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Series of the Week: Fawlty Towers

“You'll have to forgive him. He's from Barcelona.”
Fawlty Towers was inspired by the Monty Python team's stay in the Gleneagles Hotel in Torquay in May 1970. Cleese and Booth stayed on at the hotel after filming for the Python show had finished. The owner, Donald Sinclair, was very rude, throwing a bus timetable at a guest who asked when the next bus to town would arrive, and placing Eric Idle's suitcase behind a wall in the garden on the suspicion that it contained a bomb (it actually contained a ticking alarm clock). He also criticised the American-born Terry Gilliam's table manners for being too American (he had the fork in "the wrong hand" while eating), possibly inspiring Basil's treatment of an American visitor in the episode "Waldorf Salad."
Until the 1970s, the proprietors of English seaside boarding houses had a reputation for firmness and intransigence. Cleese had also parodied the contrast between organisational dogma and sensitive customer service in many personnel training videotapes issued with a serious purpose by his company, Video Arts.
Bill Cotton, the BBC's Head of Light Entertainment in the mid-1970s, said after the first series was produced that the show was a prime example of the BBC's relaxed attitude to trying out new entertainment formats and encouraging new ideas. He said that when he read the first scripts he could see nothing funny in them, but trusting that Cleese knew what he was doing, he gave the go-ahead for the series. He said that the commercial channels, with their emphasis on audience ratings, would never have let the show get to the production stage on the basis of the scripts.
The episodes typically revolve around Basil Fawlty's efforts to succeed and his frustration at mistakes, both his own and those of others, which prevent him from doing so. Much of the humour comes from Basil's insulting and sometimes aggressive manner, engaging in angry but witty arguments with guests, staff and in particular his frightful wife, whom he addresses with insults such as "that golfing puff adder", "my little piranha fish," and "my little nest of vipers". Despite this, he frequently feels intimidated as she is able to insult him with equal venom. At the end of some episodes, Basil succeeds in annoying the guests and sometimes gets this thrown back in his face.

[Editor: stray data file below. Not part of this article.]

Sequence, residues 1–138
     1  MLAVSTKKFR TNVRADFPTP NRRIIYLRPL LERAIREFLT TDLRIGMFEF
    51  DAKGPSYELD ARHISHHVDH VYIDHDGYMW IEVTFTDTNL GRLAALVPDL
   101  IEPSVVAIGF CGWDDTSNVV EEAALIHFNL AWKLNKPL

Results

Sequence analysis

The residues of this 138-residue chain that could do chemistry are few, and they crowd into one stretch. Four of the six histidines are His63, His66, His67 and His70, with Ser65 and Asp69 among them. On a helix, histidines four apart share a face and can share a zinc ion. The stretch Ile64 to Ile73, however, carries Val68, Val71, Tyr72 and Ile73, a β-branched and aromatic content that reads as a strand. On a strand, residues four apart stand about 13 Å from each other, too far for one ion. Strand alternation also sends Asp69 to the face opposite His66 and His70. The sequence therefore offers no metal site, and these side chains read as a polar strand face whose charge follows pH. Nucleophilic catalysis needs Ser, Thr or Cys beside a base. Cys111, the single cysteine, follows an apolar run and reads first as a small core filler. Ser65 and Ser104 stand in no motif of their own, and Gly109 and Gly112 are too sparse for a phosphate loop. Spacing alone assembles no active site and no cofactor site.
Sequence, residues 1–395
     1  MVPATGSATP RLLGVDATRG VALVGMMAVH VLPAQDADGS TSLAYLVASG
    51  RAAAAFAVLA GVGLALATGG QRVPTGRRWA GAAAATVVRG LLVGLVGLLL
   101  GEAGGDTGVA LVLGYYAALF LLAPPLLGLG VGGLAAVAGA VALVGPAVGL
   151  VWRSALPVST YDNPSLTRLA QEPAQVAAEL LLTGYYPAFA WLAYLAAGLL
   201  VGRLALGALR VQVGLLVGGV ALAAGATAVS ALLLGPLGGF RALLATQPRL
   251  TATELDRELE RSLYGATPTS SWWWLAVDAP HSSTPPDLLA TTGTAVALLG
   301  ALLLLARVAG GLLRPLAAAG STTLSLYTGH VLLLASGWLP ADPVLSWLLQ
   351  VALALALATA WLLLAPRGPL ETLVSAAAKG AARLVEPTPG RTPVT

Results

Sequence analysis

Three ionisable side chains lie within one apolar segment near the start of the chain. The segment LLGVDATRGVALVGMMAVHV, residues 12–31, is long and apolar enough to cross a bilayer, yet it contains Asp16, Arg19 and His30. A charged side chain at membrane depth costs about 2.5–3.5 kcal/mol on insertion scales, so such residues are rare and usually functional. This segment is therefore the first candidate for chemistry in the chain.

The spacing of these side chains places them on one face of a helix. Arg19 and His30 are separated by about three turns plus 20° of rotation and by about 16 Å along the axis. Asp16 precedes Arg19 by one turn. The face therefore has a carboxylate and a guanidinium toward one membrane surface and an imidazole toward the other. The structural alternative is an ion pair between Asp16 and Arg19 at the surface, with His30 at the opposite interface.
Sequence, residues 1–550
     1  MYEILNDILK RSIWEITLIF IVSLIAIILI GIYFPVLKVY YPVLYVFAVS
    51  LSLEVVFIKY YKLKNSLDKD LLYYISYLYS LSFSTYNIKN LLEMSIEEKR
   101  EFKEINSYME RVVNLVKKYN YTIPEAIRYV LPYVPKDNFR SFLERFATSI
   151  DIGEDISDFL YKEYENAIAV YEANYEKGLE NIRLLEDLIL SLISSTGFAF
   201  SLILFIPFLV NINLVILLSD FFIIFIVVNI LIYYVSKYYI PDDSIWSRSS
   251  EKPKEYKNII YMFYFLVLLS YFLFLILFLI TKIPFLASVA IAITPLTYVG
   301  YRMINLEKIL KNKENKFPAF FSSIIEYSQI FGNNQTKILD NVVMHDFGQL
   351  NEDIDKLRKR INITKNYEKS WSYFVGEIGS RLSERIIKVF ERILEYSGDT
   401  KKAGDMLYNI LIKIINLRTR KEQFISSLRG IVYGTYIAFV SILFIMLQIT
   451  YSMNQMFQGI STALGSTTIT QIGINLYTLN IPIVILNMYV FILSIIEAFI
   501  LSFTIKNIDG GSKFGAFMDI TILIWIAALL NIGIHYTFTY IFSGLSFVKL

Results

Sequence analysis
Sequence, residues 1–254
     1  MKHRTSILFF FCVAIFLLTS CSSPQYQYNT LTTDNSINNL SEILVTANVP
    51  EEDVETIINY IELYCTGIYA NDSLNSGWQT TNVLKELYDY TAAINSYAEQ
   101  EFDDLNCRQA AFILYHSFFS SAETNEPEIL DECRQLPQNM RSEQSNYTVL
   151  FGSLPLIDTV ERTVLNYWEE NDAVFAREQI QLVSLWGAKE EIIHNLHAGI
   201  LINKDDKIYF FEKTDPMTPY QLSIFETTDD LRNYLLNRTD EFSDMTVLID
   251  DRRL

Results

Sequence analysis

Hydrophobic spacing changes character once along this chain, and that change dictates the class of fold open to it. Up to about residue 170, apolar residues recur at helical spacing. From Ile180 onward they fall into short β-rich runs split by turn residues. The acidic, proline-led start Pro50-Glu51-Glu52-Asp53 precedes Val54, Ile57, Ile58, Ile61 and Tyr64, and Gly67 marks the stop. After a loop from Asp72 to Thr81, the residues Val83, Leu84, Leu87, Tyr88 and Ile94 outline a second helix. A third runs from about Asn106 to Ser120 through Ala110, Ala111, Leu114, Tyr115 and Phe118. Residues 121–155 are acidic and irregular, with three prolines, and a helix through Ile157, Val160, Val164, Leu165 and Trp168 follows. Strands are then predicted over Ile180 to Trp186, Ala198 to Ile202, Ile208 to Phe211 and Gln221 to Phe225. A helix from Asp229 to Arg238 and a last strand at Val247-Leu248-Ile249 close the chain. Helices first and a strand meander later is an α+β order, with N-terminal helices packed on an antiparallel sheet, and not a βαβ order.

The plots are intricate and farcical, involving coincidences, misunderstandings, cross-purposes, missed meetings, and accidental meetings. The sex of the bedroom farce is sometimes present, often to the disgust of conservative Basil, but it is Basil Fawlty's eccentricity, not his lust, that drives the plots.
The guests at the hotel are typically comic foils to Basil's anger and outbursts, with requests both reasonable and impossible testing Basil's temper. The show also uses mild black humour at times, notably when Basil is forced to hide a dead body, and some of the comments made by Basil both about Sybil ("Did you ever see that film, How to Murder Your Wife? ...Awfully good") and about the guests ("May I suggest that you consider moving to a hotel closer to the sea? Or preferably in it.") border on the psychopathic.
Basil behaves violently towards Manuel (an emotional and largely inept Spanish waiter who cannot understand English) for innocent mistakes, exacting on some occasions physical violence, including beating Manuel with a frying pan and hitting him over the head, despite Manuel's piteous pleading. The violence directed at Manuel has been one of the very few reasons for negative criticisms leveled at Fawlty Towers over the years. In this, and in other exaggerated physical mannerisms of Basil, Fawlty Towers employs physical comedy.
Basil displays blatant snobbishness, expressing disdain for the "riff-raff" that he believes currently stay at the hotel, in order to climb the social ladder. His desperation is apparent, as he makes increasingly hopeless manoeuvres and painful faux pas in trying to gain favour with the wealthy, yet finds himself forced to serve and help people he sees as beneath him. As such, Basil's efforts tend to be counter-productive, with guests leaving the hotel in disgust and his marriage stretching further and further towards breaking point.
This series is hysterical. Cleese is the master of his trade while proving that he can manage any task thrown in front of him. The comedy that they provide cannot be found on television today. Still funny after all these years… 9/10


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